Thanks for the response concerning the running temps. It seems my numbers might be a little bit higher than what you are stating, but not by much. I am just a little concerned about what happens when you drive on the 100 degree days. I have not had the car for very long and the driver side window is messed up (regulator or rod in the door) so until I fix it the only air inside I have is from the passenger side window and or the vents. This is not my daily driver, but I do enjoy driving it. If you happen to be in FW sometime give me a heads up and maybe we can get together. Thanks again for your comments.

Nick

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Paul makes a good point, Nick, with his suggestion to follow the factory recommended "clean out" of the radiator. IIRC this is an annual recommendation, and I believe he is referring to the use of a high presssure air hose to blow away (from the back side of the radiator, from underneath the car--mind the fans if you do this) accumulated debris (leaves, etc.) from the radiator's front fins. Space restrictions necessitated a highly angled installation, which makes for a great "lint trap." :D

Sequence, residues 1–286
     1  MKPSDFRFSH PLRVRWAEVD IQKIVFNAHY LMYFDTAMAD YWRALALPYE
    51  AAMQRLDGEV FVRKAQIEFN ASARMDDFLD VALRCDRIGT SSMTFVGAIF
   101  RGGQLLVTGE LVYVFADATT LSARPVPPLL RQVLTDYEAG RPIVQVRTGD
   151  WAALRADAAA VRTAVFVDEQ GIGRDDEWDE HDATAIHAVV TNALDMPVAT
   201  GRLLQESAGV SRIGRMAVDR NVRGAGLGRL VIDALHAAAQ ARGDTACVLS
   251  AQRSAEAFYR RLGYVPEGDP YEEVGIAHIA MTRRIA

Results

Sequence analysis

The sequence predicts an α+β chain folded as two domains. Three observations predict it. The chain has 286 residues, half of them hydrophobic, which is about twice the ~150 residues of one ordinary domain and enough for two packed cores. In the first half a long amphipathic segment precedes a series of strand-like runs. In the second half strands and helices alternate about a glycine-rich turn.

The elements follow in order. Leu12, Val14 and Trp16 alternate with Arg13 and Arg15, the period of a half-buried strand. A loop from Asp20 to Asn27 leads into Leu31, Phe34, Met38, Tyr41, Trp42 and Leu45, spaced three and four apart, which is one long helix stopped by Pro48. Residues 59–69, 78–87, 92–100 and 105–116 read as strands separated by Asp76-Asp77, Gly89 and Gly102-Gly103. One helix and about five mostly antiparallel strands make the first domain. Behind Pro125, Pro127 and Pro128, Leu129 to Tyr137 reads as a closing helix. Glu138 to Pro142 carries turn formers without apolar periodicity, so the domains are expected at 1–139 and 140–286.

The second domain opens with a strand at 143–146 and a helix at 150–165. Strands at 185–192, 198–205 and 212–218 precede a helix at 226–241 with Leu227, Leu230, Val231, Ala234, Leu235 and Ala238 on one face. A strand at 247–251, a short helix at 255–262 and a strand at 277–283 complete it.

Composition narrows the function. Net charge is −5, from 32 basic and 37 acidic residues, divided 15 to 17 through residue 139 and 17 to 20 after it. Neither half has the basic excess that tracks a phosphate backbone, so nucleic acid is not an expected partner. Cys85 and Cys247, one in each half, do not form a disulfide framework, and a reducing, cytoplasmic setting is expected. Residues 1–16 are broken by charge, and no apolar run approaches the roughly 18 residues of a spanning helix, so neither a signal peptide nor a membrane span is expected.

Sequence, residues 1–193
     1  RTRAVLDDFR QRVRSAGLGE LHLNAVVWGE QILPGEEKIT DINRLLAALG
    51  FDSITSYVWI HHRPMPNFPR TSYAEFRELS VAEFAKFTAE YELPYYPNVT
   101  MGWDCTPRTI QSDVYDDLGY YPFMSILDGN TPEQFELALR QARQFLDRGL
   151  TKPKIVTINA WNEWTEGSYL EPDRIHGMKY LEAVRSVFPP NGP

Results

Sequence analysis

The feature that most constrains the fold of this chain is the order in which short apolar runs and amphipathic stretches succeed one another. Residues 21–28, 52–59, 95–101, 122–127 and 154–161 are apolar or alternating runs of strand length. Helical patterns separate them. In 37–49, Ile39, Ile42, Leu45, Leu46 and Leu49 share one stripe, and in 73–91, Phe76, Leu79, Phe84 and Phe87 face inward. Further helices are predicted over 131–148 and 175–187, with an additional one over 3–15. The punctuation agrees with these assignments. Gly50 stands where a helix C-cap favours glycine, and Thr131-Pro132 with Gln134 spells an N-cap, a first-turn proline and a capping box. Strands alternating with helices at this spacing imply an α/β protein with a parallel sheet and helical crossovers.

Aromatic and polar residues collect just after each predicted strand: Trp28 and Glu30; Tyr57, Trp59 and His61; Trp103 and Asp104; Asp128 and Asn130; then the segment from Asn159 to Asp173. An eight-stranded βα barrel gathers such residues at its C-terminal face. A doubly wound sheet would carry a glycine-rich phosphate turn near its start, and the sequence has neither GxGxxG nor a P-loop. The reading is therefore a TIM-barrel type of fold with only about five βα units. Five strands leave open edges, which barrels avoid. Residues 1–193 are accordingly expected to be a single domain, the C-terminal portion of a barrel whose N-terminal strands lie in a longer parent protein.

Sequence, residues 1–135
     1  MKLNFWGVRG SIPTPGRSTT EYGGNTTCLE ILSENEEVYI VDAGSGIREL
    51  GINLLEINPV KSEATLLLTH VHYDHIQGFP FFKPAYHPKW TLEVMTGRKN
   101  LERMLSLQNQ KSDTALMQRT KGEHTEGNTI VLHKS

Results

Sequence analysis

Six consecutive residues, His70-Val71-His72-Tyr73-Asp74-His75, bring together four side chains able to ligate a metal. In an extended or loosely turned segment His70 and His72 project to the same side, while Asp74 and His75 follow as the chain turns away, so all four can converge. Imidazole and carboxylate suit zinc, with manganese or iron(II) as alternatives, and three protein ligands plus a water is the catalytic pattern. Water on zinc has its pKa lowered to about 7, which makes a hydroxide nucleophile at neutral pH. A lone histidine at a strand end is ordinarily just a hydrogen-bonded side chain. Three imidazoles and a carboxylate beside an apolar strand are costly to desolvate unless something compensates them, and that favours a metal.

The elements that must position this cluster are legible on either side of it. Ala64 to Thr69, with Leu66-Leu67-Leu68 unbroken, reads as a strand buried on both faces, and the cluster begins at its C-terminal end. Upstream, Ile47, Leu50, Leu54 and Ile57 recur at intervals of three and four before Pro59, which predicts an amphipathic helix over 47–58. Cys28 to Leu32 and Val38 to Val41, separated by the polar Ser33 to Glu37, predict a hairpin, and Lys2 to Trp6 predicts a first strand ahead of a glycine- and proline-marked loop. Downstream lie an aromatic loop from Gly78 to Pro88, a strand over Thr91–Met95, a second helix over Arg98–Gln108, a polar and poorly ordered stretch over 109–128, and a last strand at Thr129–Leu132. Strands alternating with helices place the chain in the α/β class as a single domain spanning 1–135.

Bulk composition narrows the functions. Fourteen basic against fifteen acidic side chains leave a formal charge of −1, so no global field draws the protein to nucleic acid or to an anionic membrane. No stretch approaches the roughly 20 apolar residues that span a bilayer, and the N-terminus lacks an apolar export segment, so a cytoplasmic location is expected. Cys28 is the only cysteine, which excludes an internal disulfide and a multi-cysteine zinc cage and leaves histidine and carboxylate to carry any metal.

I forgot to mention in my original response that my car has had a "three core" (some owners have even opted for four!) radiator installed by a PO, and that may account for my slightly lower temp readings--though one could make a case that the "stable, moving" figure ought to be determined (modulated) solely by the thermostat's fixed value, unless a full open thermostat just can't handle really hot days.

Edited by Iconic Ride

Being second is to be the first of the ones who lose.

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Ok, so tested everything today. Jumped the relay for the recirc pump and that started pumping right away, so no problem there. After that proceeded to jump the fan relay which worked as I was sure it would as I've never had overheating issues before. Once I had tested both of those units I started the car and let it run for awhile until the operating temp got up to 100C. At that point the fans came on. I then proceeded to turn off the car, but the recirc system never took over. I waited for about a minute or two, then started the car up again to cool the engine down further by simply running the A/C which forces the fans to stay on and which always brings my coolant temp down to like 85-87C. So my question is at what point does the ECM tell the recirc system to switch on?